By Ray Stern
By Ray Stern
By New Times
By Amy Silverman
By Stephen Lemons
By Stephen Lemons
By Monica Alonzo
By Chris Parker
Insiders tell New Times that the hotel tax may disappear from the equation altogether, leaving the car rental tax and the supplemental revenue streams to finance the stadium.
With the Cardinals keeping a low profile, football stadium supporters say $1.3 billion in new taxes must be raised to save Arizona's tourism industry, protect the Cactus League, keep the Fiesta Bowl a top-tier bowl game and bring the Super Bowl back.
While the arguments have merits, the impacts are years down the road, and of questionable economic magnitude. Of the four, the impact on tourism appears to be the most immediate.
Arizona's tourism industry is growing, but at a slow, choppy rate. Tourism spending, including business travel, hit $10.9 billion in Arizona in 1998, up 6 percent over 1997.
However, there are indications that business travel, the most lucrative segment of tourism, is slowing. Business travelers spent $3.3 billion in Arizona in 1998, up only 10 percent from $3 billion spent in 1994.
Arizona's tourism promotion budget is relatively small compared to other states, ranking 26th in the nation at $8.8 million. Hawaii leads all states with a $60 million budget.
Arizona's biggest tourism rival has become Las Vegas, which spends $100 million a year on promotion. This is in addition to the $12 million spent by the state of Nevada.
"I think we have really raised the level of awareness of the fact that we are challenged to protect our tourism market share by all this increased spending not just in other states but by major communities in the country," says Arizona Office of Tourism director Mark McDermott.
The stadium tax proposal would add $5 million to the state tourism budget the first year, with steady increases thereafter. The tourism promotion budget would get $19.6 million from the tax plan in year 30.
ASU economist Tom Rex says that spending tax money to promote tourism would be more beneficial to the state than putting the money into a new football stadium.
"I would be willing to bet the net benefit to the area would be far greater if you spent the money in ways to support tourism, and not just in advertising but providing support for that industry, than building a football stadium that gets used 10 times a year," he says.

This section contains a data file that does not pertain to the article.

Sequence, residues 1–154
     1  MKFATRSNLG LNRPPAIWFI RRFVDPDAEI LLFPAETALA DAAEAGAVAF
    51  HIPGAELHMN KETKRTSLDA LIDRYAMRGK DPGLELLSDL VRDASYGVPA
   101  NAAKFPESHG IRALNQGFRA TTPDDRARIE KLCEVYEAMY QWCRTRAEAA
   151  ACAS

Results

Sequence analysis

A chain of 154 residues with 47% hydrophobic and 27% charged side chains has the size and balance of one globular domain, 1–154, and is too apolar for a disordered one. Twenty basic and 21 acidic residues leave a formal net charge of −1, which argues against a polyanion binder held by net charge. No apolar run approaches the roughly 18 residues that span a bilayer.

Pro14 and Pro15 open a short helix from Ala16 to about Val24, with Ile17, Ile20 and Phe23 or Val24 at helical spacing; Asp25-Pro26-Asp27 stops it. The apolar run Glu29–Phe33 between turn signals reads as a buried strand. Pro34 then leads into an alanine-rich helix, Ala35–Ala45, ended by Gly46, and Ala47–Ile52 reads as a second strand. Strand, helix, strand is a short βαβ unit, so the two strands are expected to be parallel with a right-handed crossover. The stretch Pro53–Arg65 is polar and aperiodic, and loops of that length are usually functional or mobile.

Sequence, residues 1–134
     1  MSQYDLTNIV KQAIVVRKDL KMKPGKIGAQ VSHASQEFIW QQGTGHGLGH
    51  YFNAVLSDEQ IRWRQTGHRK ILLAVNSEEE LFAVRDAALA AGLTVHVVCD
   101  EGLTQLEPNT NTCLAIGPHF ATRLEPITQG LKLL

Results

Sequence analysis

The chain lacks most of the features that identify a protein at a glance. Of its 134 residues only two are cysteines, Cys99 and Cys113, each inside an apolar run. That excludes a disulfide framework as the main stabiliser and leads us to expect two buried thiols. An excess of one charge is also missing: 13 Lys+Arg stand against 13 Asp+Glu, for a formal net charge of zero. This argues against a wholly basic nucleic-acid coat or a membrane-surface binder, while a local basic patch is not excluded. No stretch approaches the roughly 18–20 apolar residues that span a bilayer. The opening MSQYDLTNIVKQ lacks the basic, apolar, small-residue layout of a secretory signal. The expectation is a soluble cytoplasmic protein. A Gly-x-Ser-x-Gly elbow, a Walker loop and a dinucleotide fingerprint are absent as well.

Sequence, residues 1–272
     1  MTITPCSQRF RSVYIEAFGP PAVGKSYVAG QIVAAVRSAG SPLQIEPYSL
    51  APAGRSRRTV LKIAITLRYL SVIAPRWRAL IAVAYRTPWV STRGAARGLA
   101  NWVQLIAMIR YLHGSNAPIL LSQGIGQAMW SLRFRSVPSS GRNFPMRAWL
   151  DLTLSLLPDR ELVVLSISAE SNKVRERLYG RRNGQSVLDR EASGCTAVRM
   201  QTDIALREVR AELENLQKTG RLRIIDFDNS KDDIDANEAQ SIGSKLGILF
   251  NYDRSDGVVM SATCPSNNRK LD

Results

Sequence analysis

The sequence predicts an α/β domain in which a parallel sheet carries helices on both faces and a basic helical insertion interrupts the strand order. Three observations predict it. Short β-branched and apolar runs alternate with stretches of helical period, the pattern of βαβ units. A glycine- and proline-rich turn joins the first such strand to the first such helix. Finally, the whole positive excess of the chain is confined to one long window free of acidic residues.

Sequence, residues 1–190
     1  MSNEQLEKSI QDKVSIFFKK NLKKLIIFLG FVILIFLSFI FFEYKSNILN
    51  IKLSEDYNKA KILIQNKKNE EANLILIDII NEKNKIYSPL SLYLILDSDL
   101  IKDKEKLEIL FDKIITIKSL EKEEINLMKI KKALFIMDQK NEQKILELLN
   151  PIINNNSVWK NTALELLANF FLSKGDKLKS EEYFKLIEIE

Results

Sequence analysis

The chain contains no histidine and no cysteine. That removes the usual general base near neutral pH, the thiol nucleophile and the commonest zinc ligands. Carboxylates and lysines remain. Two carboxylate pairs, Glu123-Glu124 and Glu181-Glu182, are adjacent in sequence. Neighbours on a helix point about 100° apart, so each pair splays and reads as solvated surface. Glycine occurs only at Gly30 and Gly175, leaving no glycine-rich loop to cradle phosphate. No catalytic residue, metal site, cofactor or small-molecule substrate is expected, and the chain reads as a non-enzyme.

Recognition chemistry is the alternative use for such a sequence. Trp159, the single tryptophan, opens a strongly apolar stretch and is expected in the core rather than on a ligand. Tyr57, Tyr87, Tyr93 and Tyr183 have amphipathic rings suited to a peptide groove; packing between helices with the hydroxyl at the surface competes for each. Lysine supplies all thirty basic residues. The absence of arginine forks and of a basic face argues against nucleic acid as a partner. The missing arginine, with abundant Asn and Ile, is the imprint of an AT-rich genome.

Like tourism promotion, Cactus League funding was not on the table last summer when Governor Hull asked Ferris to spearhead discussions with the Cardinals. During the January press conference, task force members raised the specter of the Cactus League being stolen by Las Vegas unless new taxes were passed.
While some of the 10 teams in the league might be looking for new sites, at least six are locked into long-term contracts from 12 to 20 years. The teams signed lengthy contracts because the public sector already has contributed tens of millions of dollars to upgrade and build new spring training facilities.
Since 1993, the Maricopa County Stadium District has spent $71 million on construction and renovation at five spring training facilities, including: $3.7 million for Tempe Diablo Stadium for the California Angels; $21.5 million for the Peoria Sports Complex for the San Diego Padres and Seattle Mariners; $6.75 million for Phoenix Municipal Stadium for the Oakland A's; $17 million for HoHoKam Stadium in Mesa for the Chicago Cubs; and $17 million for Maryvale Stadium for the Milwaukee Brewers.
Funding for the stadium district spending spree comes from a $2.50 surcharge on rental car contracts. The district cannot spend any more money on spring training facilities unless it finds an additional revenue source. Supporters of the Cardinals stadium tax say they will earmark up to $180 million over the next 30 years to help build and upgrade Cactus League facilities.
Ferris and others also cite the possibility that Arizona can lure the Los Angeles Dodgers and the Texas Rangers to the Cactus League in a pre-emptive strike against Las Vegas, which is in the preliminary stages of trying to attract at least four teams to the city. The Dodgers and Rangers currently train in Florida.
"One option would be to create one additional two-team complex, and have one of the teams be the Dodgers," Ferris says. "That's the big plum. Vegas is going hard after the Dodgers."
The Rangers and the Dodgers confirm they have held discussions with Las Vegas, but officials with both teams say there are no immediate plans to relocate.
John Blake, a spokesman for the Rangers, says the team has one more year on its contract in Port Charlotte, Florida. "We have made some inquiries in Las Vegas, Arizona and Florida. We could be staying here," he says.
While Las Vegas may be an attractive location, Blake says there are concerns about the windier, cooler weather compared to Arizona or Florida.
Dodgers spokesman Derrick Hall says the team is also weighing all options and has "no timetable" to make a move.
The Dodgers are the only major league team that owns its spring training facility, the luxurious Dodgertown, in Vero Beach, Florida. The center includes villas for the players, golf, tennis and swimming facilities as well as a 4,000-seat stadium, four other major league fields, two half fields, outdoor and indoor batting cages, conference rooms, and weight training rooms.
"They got everything you can possibly imagine there," Hall says.